This was first uncovered in February 2016, during a police search of Airbus offices in the Paris suburb of Suresnes. The search found evidence that in 2009 the group had made a payment of 8.8 million euros into a Singapore bank account as part of the satellite deal. The bank account was in the name of a company called Caspian Corp, registered in Hong Kong.

Following the discovery, Airbus provided the judicial investigation with the report of an internal audit the group made in 2015 into its sales campaign with Kazakhstan between 2009 and 2011. Mediapart has had access to the report, marked up as “Strictly confidential” and dated July 15th 2015, which reveals that a total of 9.6 million euros were paid in relation to the satellite deal to “two entities linked to Lyès Ben Chedli” who the report describes as a “business partner” for the group. The payments were made up of 800,000 euros transferred into a Swiss bank account in the name of LBC Consulting, a Tunisian company owned by Ben Chedli, and a further 8.5 million into the shell company Caspian Corp.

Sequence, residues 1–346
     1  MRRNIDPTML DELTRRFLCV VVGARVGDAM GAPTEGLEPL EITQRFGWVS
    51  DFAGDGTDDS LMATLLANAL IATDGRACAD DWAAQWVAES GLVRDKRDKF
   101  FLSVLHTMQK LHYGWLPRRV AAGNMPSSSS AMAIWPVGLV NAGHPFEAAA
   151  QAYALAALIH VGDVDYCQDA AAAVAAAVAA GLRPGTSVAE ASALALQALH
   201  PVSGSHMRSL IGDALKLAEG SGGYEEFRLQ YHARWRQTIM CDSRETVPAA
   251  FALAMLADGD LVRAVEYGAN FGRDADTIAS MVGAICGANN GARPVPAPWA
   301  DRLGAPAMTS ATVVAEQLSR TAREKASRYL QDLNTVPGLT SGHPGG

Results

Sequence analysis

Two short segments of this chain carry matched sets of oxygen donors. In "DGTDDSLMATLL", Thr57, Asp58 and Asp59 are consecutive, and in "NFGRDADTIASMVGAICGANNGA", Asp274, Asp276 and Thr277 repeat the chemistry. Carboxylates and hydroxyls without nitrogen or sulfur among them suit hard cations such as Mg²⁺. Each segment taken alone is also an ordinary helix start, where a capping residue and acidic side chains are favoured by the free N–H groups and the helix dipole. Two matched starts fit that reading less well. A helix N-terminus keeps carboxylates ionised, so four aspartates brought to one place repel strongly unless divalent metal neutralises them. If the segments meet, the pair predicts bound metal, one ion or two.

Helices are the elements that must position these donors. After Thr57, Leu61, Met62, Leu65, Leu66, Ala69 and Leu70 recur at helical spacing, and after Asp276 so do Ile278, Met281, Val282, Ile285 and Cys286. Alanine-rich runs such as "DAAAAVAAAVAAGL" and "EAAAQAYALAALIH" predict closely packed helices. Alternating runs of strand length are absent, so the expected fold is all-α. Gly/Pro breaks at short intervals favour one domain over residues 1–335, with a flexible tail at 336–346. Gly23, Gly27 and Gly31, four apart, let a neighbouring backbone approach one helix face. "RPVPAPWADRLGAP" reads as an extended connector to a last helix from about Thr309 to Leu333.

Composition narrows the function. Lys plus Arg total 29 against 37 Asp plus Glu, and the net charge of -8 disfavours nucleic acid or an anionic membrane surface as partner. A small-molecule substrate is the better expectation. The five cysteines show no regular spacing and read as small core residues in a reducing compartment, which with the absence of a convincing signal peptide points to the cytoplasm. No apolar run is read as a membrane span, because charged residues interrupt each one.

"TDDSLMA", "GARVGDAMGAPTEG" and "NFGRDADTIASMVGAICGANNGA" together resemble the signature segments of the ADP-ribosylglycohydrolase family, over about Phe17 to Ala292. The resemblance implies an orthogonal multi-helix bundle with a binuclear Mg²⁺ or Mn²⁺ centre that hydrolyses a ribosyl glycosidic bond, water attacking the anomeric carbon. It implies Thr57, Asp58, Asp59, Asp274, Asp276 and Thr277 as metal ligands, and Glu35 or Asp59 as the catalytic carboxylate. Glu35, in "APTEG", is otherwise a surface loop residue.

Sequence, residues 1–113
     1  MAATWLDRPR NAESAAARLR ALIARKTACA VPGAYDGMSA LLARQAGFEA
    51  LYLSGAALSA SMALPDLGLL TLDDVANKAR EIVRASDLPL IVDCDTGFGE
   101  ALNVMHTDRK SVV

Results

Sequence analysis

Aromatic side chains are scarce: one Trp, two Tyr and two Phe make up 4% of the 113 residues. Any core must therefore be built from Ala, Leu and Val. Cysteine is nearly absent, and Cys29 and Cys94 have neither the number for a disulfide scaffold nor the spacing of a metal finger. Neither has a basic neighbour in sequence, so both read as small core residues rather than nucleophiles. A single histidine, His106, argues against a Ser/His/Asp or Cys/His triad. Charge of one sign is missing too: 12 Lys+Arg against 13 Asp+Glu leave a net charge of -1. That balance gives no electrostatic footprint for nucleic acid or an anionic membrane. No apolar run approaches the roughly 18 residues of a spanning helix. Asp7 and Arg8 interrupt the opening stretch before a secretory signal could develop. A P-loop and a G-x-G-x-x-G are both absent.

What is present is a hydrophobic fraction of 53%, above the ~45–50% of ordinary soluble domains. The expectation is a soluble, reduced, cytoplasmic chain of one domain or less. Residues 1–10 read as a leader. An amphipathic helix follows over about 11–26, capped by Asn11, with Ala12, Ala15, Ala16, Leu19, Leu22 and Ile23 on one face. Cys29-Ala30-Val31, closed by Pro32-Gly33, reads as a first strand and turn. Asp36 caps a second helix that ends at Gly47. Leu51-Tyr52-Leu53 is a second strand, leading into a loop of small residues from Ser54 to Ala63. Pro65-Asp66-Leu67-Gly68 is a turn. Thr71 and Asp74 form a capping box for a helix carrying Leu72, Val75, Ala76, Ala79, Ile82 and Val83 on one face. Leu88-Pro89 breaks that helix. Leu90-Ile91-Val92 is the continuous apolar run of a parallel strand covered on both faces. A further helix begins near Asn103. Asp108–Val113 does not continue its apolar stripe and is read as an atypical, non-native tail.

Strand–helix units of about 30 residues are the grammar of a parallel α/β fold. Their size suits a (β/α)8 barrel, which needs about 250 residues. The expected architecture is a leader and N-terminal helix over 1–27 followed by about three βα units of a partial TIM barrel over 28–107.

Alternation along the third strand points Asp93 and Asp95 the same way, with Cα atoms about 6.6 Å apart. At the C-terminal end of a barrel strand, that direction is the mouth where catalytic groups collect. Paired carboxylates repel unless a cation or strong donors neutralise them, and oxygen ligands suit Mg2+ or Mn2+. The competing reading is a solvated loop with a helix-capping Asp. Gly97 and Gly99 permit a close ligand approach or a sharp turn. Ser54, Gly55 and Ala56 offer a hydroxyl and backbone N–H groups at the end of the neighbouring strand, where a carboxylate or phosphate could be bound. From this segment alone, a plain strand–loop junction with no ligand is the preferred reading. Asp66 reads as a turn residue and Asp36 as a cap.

The auditors found “several elements” that were irregular in the payments, and notably that the contract with Caspian Corp was signed “without respecting” the group’s procedures. That contract was eventually terminated in April 2013 after the Caspian Corp bank account in Singapore was closed down on the initiative of the bank (see page 2). The report was concerned over the use of “complex” contract structures involving locations where there was a “high level” of secrecy.